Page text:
While offering a brief teaser of the car - which looks to be a small hatchback - Hyundai has little to say beyond a terse statement noting, "The move to electric continues the growth of Hyundai Motorsport, which has become well established in rallying and circuit racing since its inception in 2012. The multiple rally-winning WRC team, now in its sixth season, is currently leading a closely fought Manufacturers' Championship."
The Formula E series wrapped its season with two races on a makeshift track in Brooklyn.
Could Hyundai be targeting the World Rally Championship or perhaps even setting up a series of its own for the upcoming all-electric racer? That wouldn't be unique. Jaguar set up the I-Pace e-Trophy series to pair with Formula E.
"I think (all auto racing series) will have to go electric or they will have no relevance," Alejandro Agag, the founder and organizer of Formula E told TheDetroitBureau.com last month.
While few motorsports analysts expect to see battery-cars completely take over anytime soon, what's clear is that, as electrification becomes more the norm than the exception, both automakers and auto racing organizers are looking to stay ahead of the curve.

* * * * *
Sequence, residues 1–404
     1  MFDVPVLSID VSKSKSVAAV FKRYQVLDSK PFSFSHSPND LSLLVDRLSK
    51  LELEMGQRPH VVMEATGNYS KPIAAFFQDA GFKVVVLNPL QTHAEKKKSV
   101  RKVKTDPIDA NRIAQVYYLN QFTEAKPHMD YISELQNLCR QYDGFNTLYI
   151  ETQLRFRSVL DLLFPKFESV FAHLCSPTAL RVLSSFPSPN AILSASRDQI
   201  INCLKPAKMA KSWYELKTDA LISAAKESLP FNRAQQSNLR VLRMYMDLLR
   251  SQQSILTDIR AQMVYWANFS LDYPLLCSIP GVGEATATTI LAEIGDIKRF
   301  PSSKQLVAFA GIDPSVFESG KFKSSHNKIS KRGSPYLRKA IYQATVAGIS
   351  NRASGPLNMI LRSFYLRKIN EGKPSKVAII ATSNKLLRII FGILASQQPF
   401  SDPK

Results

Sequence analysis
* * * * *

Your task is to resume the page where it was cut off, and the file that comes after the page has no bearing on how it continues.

Look up the array of cars and SUVs BMW is selling these days, and it will blow your mind if you are a BMW fan who has driven the same ride for the last 20 years and want to re-up.
It used to be the 3 Series, 5 Series, 7 Series, the X5, a Z sports car, M Cars, and each had a handful of engine and body style derivatives. Today, the models are like balls in a McDonald's ball-play room. The 2 Series, 4 Series, 6 Series, 8 Series, X1, x3, X6, X7, M cars, the i-Electrics, special edition models. It is complexity on wheels, and a bunch of these models just don't sell.
BMW, though, is replacing its Chairman of the Board of Management Harald Krueger with Oliver Zipse, and when he sits in the chair come the middle of August, he'll have the hedge trimmers out. According to Automobile Magazine, management is canceling the convertible version of the 2 Series, the standard-wheelbase 7 Series, the X2, the coupe and convertible variants of the 8 Series, and the next-generation Z4. That's a start.
BMW is becoming more of a true sport-utility brand. BMW has reportedly, according to Automobile, an SUV X8 that will have a plug-in EV option with up to 60 miles of electric range. An X8 M is also in the pipeline, which of course would come with a serious performance package.
BMW is faced with enormous challenges, like other companies, even more so perhaps. The company has long been associated with a sporty driving experience-The Ultimate Driving Machine-and the coming world of electrification is not seen as glamorous and cool as the internal-combustion-engine (ICE) world of BMW's engines and stiff chassis.